Treatment of Hyperphosphatemia?
Phosphate binders (sucralfate, aluminum-containing antacids)
Calcium acetate tablets
Dialysis if with renal failure
Treatment of hypophosphatemia?
- Neutra-Phos 2 packets q6h per gastric tube
- KPHO4 or NaPO4 0.15mmol/kg over 6h x 1 dose
-KPHO4 or NaPO4 0.25mmol/kg over 6h x 1 dose
Recheck level 4h after end of infusion, if <2.5, begin oral packets or start KPHO4 or NaPO4 0.15mmol/kg IV over 6h X 1 dose
Treatment of Hypermagnesemia?
- Eliminate exogenous sources of Mg
- Correct concurrent volume deficits
- Correct acidosis
- Manage acute symptoms: Calcium chloride 5-10mL
Treatment of hypomagnesemia?
- MgSO4 0.5mEq/kg in NSS 250mL, IV infusion over 24h x 3days
- OR Milk of magnesia 15mL (~49mEq Mg) q24 per gastric tube; hold for diarrhea
Severe deficits (<1mEq/L):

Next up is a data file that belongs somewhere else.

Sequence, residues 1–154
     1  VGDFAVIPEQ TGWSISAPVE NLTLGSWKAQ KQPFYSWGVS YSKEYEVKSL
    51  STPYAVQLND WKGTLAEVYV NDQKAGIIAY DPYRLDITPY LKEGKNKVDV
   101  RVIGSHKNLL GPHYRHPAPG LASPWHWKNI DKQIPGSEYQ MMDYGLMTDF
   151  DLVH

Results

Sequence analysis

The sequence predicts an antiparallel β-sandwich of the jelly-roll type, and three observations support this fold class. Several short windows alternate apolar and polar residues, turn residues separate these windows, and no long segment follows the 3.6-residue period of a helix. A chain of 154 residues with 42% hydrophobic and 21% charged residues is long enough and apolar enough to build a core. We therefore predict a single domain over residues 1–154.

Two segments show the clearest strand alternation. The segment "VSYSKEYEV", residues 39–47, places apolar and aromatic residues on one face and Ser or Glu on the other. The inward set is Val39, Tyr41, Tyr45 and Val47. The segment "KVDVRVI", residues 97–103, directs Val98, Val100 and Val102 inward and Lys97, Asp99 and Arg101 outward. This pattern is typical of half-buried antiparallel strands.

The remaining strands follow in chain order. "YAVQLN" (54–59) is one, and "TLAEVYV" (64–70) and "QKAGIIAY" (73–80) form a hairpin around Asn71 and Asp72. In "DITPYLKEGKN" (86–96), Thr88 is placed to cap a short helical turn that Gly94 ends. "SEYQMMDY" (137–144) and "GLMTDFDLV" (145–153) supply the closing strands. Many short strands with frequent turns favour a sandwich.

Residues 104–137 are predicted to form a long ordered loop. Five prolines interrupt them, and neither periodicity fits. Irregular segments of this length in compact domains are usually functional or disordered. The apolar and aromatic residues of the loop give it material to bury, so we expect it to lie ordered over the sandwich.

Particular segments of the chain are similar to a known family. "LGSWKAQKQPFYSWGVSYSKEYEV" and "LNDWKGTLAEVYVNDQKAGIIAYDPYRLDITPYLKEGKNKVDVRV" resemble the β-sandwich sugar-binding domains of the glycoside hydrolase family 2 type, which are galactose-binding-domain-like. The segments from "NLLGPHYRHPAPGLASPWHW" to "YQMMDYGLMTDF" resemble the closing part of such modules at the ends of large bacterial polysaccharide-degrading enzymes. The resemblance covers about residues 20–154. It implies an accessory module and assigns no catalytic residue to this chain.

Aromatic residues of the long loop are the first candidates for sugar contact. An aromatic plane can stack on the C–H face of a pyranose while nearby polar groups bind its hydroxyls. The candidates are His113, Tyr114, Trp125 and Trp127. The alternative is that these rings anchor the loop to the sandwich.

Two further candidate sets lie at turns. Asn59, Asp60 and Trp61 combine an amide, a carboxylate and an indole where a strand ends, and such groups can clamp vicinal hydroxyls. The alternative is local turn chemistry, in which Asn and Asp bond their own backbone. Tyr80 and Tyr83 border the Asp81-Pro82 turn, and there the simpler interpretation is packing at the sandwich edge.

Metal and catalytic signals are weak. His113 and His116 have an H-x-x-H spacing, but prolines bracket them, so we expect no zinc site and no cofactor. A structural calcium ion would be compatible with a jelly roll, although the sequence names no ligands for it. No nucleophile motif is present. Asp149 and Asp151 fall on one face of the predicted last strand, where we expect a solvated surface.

1mEq/kq in NSS 250mL IV infusion over 24h X 1d, then 0.5mEq/kg in 250mL NSS IV over 24h X 2d OR
1-2g MgSo4 IV over 15minutes
- May give in 2 minutes if with torsades de pointes
- Simultaneous calcium gluconate can counteract adverse side effects of a rapidly rising Mg level and correct concurrent hypocalcemia.
Recheck Mg levels in 3days after each correction.
Replacement of ECF during surgery, to address both losses and sequestration, often requires how much fluid to support homeostasis?
500-1000mL/h of a balanced salt solution
In the initial postoperative period, an isotonic fluid should be administered. After the initial 24-48 hours, fluids can be changed to 5% dextrose in 0.45% saline. If with normal renal function, potassium may be added to the IV fluids.
The earliest sign of volume overload is?
Weight gain. The average postoperative patient not receiving nutritional support should lose approximately 0.25 to 0.5 pounds (0.11 to 0.23kg) per day from catabolism.